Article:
Jongbin Lim 1, Mario G. Ferruzzi 2 and Bruce R. Hamaker 1 (2017). Different phenolic compounds selectively slow down the hydrolysis rates of sucrose and isomaltose by mammalian mucosal α-glucosidases. The FASEB Journal 31(1).
1Purdue University, West Lafayette, IN
2North Carolina State University, Kannapolis, NC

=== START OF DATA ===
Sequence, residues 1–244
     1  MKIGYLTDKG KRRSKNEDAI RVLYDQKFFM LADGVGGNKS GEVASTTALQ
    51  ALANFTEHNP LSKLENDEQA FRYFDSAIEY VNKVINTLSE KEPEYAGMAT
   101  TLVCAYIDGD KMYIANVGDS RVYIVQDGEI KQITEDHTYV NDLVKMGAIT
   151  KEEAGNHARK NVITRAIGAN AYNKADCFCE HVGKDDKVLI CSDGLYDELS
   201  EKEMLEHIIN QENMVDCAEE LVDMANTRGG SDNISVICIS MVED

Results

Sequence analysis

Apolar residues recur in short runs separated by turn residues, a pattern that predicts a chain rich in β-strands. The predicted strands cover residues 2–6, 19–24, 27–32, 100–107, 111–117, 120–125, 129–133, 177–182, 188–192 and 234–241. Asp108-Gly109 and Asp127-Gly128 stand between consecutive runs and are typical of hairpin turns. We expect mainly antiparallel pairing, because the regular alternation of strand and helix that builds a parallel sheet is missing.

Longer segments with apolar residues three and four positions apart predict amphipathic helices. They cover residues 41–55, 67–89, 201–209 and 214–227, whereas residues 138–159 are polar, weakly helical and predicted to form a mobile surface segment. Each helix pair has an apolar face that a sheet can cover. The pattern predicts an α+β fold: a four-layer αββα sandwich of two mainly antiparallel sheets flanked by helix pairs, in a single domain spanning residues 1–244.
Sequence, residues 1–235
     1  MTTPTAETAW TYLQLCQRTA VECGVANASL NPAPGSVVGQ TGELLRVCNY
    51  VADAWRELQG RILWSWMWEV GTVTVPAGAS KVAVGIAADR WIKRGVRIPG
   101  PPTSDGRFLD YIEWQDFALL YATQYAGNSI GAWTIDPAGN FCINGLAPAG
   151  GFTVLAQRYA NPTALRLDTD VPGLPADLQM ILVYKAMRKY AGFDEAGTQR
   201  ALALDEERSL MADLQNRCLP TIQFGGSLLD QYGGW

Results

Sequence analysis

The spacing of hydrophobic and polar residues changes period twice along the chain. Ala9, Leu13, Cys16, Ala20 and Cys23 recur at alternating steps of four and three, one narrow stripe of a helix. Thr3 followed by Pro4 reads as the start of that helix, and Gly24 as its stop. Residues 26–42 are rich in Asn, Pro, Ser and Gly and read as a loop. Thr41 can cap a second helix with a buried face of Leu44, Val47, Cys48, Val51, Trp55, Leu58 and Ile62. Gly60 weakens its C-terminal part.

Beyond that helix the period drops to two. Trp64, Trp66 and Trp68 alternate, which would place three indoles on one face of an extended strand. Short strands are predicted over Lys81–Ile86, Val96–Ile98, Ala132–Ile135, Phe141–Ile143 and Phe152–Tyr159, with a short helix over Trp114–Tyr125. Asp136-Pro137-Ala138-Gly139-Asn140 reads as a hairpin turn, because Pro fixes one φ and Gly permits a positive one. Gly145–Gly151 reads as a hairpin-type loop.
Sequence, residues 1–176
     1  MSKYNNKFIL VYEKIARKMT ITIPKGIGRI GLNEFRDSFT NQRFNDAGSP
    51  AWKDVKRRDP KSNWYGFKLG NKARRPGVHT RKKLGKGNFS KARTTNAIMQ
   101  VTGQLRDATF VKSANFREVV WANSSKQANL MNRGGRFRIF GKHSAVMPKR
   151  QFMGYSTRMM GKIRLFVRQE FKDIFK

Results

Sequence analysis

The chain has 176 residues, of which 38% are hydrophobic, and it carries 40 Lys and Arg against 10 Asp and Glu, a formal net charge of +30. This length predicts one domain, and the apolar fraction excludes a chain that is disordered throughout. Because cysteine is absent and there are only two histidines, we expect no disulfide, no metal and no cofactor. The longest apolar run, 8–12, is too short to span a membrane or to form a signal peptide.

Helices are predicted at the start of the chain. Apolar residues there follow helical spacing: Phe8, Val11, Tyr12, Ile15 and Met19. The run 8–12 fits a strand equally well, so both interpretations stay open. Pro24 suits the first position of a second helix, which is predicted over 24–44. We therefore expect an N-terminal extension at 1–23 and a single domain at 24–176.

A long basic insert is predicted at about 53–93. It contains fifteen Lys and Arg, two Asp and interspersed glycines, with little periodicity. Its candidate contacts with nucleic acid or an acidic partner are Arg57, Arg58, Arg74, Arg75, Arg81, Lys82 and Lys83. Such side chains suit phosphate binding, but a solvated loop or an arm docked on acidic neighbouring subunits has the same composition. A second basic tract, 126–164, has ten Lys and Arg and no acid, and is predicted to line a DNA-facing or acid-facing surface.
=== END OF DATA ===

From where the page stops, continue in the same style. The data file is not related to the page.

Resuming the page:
The mucosal α-glucosidases are major enzymes which convert starch into free glucose in the small intestine. The α-glucosidase complexes, maltase-glucoamylase (MGAM) and sucrose-isomaltase (SI), have two catalytic subunits located on the C- and N- termini (Ct- and Nt-) of their origin proteins. Ct-SI has the higher capacity to digest the α-1, 2 linkage of sucrose, whereas Nt-SI is involved in the hydrolytic activity for the α-1, 6 linkage of isomaltose. In this study, we investigated the inhibition properties of phenolic compounds on Ct- and Nt-SI using four different phenolic compounds [chlorogenic acid, (−)-epicatechin, kaempferol, and naringenin] for the regulation of sucrose and isomaltose digestion in the small intestine. The tested phenolic compounds showed different inhibition properties on the hydrolysis activities for sucrose and isomaltose. Chlorogenic acid had the highest inhibition property on hydrolytic activity for sucrose, while kaempferol was a comparatively potent inhibitor for isomaltase activity of the α-glucosidases. The different inhibition properties may be due to the different affinities of the tested phenolic compounds for Ct- and Nt-SI. The different and selective inhibition properties of phenolics can be applied to modulate the digestion rate of sucrose-rich foods or α-1,6-linked branched starch products for slow and improved glycemic response profiles with potential health benefit.